Pakistani intelligence agents today are interrogating three women -- all wives of Osama bin Laden -- who were captured during the U.S.-led raid on Sunday.
According to one of the women, bin Laden confined himself to two rooms in the house, including the bedroom where he was killed. He never left those rooms, she claims, for the five years he was hiding there.
"He used two rooms on one of the floors," Asad Munir, a former ISI commander, told ABC News. "He never went anywhere."
The three wives are in custody in Islamabad, and are facing firm but nonviolent questioning, a former intelligence official said.
"We give them a questionnaire, with 20 questions," Munir said. "We change the order of questions every three or four days."
Investigators then look for any differences in the answers.
"For telling lies you have to have very good memory," Munir said. "There's a way to find out. No one will tell you the first day the correct answer."
U.S. officials have requested but have been denied access to the wives so far.
Officials also have in custody bin Laden's 13-year-old daughter, who saw her father killed "in front of her eyes," a senior Pakistani security official told ABC News in an exclusive interview Wednesday.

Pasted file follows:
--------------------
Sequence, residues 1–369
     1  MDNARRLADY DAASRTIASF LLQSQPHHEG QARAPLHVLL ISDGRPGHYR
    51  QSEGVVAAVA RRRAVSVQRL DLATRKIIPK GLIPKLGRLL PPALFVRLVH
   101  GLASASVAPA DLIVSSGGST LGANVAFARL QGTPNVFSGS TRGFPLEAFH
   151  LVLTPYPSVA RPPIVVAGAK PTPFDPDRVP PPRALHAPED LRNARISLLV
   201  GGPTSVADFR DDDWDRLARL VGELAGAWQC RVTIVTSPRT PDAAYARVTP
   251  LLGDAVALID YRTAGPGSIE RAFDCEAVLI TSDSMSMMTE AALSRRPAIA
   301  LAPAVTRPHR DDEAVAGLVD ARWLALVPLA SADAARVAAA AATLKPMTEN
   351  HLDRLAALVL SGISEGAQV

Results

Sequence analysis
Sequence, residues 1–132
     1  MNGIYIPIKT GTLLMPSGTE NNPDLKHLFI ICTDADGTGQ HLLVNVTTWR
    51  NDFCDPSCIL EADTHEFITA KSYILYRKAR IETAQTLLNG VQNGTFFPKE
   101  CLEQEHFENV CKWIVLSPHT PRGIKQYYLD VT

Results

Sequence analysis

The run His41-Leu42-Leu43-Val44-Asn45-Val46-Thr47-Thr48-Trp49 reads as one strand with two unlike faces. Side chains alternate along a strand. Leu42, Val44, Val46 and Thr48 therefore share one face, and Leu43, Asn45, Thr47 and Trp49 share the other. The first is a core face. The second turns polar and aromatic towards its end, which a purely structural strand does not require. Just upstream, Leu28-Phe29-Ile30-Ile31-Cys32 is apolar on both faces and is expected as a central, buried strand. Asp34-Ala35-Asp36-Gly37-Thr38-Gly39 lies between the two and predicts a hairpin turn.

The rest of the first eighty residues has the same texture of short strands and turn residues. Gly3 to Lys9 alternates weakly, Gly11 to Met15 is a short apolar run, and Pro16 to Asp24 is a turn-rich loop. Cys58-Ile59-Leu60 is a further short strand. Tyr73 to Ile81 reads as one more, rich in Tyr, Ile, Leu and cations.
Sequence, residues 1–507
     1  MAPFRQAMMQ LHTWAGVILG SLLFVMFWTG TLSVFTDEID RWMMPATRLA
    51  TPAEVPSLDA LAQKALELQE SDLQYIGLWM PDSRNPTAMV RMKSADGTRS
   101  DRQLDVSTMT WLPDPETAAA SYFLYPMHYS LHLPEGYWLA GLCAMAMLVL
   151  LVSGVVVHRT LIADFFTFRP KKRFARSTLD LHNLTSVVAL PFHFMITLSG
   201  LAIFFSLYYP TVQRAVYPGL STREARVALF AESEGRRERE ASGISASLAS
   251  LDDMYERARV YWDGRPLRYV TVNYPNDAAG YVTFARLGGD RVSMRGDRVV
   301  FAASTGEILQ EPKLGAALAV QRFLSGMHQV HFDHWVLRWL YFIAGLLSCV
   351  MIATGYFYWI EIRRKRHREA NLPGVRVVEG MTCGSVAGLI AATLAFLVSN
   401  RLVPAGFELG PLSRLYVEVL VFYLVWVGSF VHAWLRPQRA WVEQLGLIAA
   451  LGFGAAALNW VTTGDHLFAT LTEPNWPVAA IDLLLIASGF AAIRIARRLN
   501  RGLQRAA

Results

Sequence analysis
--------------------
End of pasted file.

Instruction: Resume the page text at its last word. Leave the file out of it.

They are also questioning six or seven other children who were captured in the raid.
Watch "KILL SHOT: THE STORY BEHIND BIN LADEN'S DEATH," a special "20/20" Friday at 10 p.m. ET.
Pakistani officials said they gave the CIA intelligence that eventually helped lead it to bin Laden's compound. It was a phone call the agency intercepted from Pakistan to Saudi Arabia in which the caller used keywords that raised suspicions he was discussing bin Laden.
When the caller used the phone again in 2009, the Pakistanis say they tracked his signal and briefly picked him up, and then they shared the phone's SIM card with U.S. officials. The man using the phone was bin Laden's trusted courier, who eventually led U.S. intelligence officials inadvertently to the compound.
The reports come as relations between the United States and Pakistan grow increasingly tense. The U.S. intelligence community kept Pakistani officials in the dark until after the top-secret mission to hunt down bin Laden was finished, worried that the information could leak.
The Pakistani army has suffered a major blow to its credibility -- at home for its inability to detect U.S. planes in its airspace through the 40-minute mission, and abroad for not finding bin Laden, who was hiding only steps away from one of the country's top military academies.
In his first public statement since the operation, Pakistan's army chief Gen. Ashfaq Parvez Kayani today warned that "violating the sovereignty of Pakistan will warrant a review on the level of military/intelligence cooperation with the United States."
He also said that U.S. military personnel in Pakistan would be reduced to the "minimum essential."
There are currently about 100 U.S. troops in Pakistan.
This is not the first time Pakistan has threatened to cut U.S. forces on the ground. A report published a month ago, following the case of CIA contractor Raymond Davis who allegedly shot and killed two Pakistani men, stated that Pakistanis wanted to cut the U.S. trainer force by 30 percent.